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When Reporting the News Means Risking Your Life

When Reporting the News Means Risking Your Life

Honduran journalist Nahum Palacios Arteaga was shot dead while driving, receiving thirty bullets in his body. This is the third journalist that has died within two weeks in Honduras, the other two being David Meza Montesinos and Joseph Ochoa. None of the cases have been solved.

Honduras is going through a tumultuous time, to say the least. President Manuel Zelaya was ousted in a military coup last year, and although a new president was sworn in less than two months ago, violence and instability continue to plague the country.

Journalist Cesar Silva gave a fascinating interview where he describes how he and his news crew were captured the day the now deposed president was captured. He was released due to public pressure, but soon started to receive threats and was finally kidnapped. He suffered incredible torture, only to be dumped in a mountainous and isolated area. With the help of human rights organizations, he escaped Honduras and now lives in exile. He poignantly describes the most difficult part of living an exiled life:

Maybe it’s the hurry of leaving everything abandoned; your home, your family, the stuff you had a hard time sacrificing for…

The difficulty in arriving in the new place is getting rid of the hatred and to stop thinking of what you left behind. You have to live here as a ‘nobody’ so that no one can find you and you can avoid the risks. The dreams abandon you, the uncertainty eats you.

Journalists hold a great responsiblity in that they act as interpreters for the world, letting us know what is happening in our hometowns or on the other side of the world. What is truly stunning is that they can be perceived as so dangerous or threatening that they can risk being kidnapped, tortured or killed.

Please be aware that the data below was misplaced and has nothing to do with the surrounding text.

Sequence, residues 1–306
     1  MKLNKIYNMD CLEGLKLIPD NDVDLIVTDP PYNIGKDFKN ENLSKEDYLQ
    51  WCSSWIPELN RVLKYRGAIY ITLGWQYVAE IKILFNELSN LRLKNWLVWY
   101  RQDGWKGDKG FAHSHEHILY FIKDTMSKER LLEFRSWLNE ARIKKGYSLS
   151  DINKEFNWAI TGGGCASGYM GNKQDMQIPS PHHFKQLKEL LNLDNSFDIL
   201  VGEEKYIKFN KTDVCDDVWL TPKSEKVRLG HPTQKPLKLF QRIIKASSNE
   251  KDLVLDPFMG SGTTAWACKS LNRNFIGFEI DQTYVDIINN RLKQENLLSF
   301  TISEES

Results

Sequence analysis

The day after Palacios Arteaga’s death, journalists in Honduras took to the streets to protest, calling for an end to violence and for justice for the three slain journalists. With the extreme risks they face, it’s admirable that Honduran journalists continue to speak out.

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52 comments

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3:48PM PDT on Apr 1, 2010

Very distressing and sad...

3:02PM PDT on Mar 29, 2010

the media is so controlled and censored, i know first hand well.

2:30PM PDT on Mar 29, 2010

I wish there was a way I could help these brave, noble journalists!

2:26PM PDT on Mar 29, 2010

I wish there was a way I could help these brave, noble journalists!

11:01AM PDT on Mar 29, 2010

Journalists are so brave in those places, a risky job; Free speech should be allow everywhere. Good for them, when walking the streets to protest and for speaking up to end violence. Good luck, and GOD bless them all.

7:57AM PDT on Mar 29, 2010

Wonderful article. Thank you Natasha.

11:38AM PDT on Mar 28, 2010

Sadly noted. What a shame on Honduras.

9:36AM PDT on Mar 28, 2010

This makes me so sad...You definitely know something is wrong and/or corrupt when people aren't even able to peacefully seek out the truth and present it to incite positive change.

12:49PM PDT on Mar 26, 2010

Journalists murdered or killed is a worldwide tragedy.. even in supposedly peaceful countries. They speak for freedom and justice. Sadly, there does not seem to be a follow-up after initial reports of a tragic killing / death of a journalist. Thank you for this article. May they find peace where ever these souls are.

8:22PM PDT on Mar 25, 2010

So sad and awful!It happends everywhere,in our great neighbour Russia,it is common. Last couple of years several brave journalist have been brutaly murded.Naturaly nobody has been found quilty for murders :( So speaking the truth can be dangerous.

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